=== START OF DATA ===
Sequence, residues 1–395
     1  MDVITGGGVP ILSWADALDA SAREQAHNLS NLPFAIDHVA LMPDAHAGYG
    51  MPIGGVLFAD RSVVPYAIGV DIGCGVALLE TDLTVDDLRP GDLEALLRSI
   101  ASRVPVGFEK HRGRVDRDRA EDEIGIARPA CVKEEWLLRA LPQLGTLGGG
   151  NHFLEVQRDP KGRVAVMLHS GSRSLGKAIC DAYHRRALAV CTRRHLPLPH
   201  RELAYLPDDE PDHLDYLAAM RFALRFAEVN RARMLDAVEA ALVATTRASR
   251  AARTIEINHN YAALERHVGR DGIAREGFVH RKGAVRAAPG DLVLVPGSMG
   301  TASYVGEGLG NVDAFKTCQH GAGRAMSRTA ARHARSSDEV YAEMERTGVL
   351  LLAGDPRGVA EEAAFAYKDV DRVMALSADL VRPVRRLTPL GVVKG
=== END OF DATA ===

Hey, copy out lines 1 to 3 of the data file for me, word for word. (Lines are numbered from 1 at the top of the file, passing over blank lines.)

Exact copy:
Sequence, residues 1–395
     1  MDVITGGGVP ILSWADALDA SAREQAHNLS NLPFAIDHVA LMPDAHAGYG
    51  MPIGGVLFAD RSVVPYAIGV DIGCGVALLE TDLTVDDLRP GDLEALLRSI